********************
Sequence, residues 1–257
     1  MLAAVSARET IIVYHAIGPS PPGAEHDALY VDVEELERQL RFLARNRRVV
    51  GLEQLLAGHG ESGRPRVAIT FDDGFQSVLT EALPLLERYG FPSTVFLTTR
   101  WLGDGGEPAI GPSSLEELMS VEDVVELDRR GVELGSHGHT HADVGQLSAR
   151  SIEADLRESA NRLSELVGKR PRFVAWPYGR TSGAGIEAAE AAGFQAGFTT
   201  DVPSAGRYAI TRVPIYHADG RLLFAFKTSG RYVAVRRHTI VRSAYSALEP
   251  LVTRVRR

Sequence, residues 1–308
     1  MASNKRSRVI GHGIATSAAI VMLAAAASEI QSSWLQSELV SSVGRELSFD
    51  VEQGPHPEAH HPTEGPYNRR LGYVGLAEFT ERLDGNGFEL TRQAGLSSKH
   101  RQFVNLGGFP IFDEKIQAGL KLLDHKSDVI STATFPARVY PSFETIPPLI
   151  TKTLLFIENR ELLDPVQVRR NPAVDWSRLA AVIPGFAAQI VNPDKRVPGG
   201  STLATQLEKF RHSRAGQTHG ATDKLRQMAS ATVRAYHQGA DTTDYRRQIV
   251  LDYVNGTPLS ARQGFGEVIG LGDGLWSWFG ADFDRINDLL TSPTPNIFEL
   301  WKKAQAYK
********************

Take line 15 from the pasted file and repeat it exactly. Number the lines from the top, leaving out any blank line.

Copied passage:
   301  WKKAQAYK